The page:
LONDON, Aug 9 (Reuters) - The balance of power between host countries and petroleum companies has shifted decisively as a result of the shale revolution and the push into deepwater oil and gas fields off the coast of Latin America and Africa.
The first decade of the 21st century was dominated by talk about increasing "resource nationalism" as governments demanded a greater share of the revenues from natural resources located on their territory.
But in the past three years, resource nationalism has disappeared from the agenda. Rather than trying to impose tougher terms on oil and gas companies, most countries are now competing to attract investment by offering reductions in royalties and lower tax rates.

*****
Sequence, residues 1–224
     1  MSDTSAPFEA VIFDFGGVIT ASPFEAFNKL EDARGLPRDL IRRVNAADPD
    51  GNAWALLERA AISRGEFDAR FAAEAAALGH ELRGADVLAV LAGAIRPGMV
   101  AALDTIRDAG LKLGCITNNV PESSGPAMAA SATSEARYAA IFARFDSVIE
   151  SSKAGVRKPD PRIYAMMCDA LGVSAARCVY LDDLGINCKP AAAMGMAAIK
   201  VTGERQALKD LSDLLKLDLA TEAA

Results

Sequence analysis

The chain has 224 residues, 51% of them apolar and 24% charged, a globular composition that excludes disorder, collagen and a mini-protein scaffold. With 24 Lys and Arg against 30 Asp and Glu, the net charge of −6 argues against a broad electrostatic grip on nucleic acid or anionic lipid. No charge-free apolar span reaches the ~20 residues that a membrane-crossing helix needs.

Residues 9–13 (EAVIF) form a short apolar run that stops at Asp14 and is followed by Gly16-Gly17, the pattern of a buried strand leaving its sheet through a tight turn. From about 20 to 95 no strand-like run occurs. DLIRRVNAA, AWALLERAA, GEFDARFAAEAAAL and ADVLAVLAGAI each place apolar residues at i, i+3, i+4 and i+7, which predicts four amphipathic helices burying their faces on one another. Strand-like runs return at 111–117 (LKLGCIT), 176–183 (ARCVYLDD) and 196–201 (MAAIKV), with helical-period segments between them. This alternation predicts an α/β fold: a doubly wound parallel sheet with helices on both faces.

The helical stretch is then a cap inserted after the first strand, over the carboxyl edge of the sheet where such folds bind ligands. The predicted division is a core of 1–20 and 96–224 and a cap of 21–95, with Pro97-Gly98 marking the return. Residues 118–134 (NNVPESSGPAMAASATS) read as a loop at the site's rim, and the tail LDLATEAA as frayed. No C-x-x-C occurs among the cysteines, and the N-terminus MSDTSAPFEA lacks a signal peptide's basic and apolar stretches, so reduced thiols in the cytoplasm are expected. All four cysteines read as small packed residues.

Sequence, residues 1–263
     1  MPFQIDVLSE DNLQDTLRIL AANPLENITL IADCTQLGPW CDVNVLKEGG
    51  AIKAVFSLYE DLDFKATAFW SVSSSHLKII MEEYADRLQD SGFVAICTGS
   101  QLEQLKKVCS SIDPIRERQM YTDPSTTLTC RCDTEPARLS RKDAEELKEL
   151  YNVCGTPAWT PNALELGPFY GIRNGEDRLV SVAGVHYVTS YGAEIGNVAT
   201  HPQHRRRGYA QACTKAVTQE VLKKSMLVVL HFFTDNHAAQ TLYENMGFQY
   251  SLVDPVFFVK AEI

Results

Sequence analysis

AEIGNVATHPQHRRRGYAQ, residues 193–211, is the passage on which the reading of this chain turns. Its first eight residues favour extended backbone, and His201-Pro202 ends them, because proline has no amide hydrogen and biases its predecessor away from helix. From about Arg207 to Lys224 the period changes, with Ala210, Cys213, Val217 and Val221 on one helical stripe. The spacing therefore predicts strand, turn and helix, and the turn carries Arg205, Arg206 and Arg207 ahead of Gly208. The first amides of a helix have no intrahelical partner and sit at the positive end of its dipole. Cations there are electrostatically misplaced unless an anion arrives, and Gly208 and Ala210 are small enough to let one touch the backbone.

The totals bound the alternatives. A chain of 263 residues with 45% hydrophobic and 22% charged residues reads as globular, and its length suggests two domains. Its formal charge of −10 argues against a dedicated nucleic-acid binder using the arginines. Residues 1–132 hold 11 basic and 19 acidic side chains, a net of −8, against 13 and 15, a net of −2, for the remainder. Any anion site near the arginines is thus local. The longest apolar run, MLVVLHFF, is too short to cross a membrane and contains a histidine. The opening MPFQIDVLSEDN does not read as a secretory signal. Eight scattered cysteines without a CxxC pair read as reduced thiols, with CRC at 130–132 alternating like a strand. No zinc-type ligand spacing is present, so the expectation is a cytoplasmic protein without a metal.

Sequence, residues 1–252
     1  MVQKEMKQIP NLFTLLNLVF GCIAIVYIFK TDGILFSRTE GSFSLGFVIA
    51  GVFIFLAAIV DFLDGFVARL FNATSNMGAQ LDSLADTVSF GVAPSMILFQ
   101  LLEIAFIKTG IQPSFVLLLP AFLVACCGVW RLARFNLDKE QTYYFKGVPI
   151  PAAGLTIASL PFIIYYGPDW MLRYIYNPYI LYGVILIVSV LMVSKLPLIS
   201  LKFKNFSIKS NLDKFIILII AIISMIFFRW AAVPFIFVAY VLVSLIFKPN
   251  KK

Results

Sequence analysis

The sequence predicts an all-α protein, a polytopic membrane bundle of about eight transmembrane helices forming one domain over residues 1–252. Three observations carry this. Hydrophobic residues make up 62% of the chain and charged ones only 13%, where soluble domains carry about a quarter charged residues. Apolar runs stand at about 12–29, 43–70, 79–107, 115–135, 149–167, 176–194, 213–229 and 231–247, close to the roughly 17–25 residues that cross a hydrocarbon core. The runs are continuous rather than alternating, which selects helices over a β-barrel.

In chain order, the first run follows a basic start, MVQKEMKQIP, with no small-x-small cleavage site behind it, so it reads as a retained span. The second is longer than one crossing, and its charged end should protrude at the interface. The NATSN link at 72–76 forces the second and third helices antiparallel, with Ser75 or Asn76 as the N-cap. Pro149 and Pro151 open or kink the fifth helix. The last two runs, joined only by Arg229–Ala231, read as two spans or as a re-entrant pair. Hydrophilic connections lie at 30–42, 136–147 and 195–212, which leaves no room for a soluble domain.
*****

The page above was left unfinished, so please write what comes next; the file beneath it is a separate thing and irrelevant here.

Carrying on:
Countries as diverse as the United Kingdom, Argentina, Ukraine and Poland want to attract explorers and developers to exploit shale deposits. And countries along the east and west coasts of Africa, as well as Latin America, are all vying to attract spending on offshore oil and gas discoveries.
Faced with so many competing opportunities, oil and gas companies are pushing for a better bargain.
"We are not an opportunity-constrained company, we are a capital-constrained company," Shell Chief Executive Peter Voser told Reuters in an interview, a position he has stressed to investors several times over the course of this year.
The underlying message from Shell and other oil companies to resource owners is clear: if you want us to invest time, money and technology developing your resource rather than somewhere else, you must offer us competitive and attractive terms.
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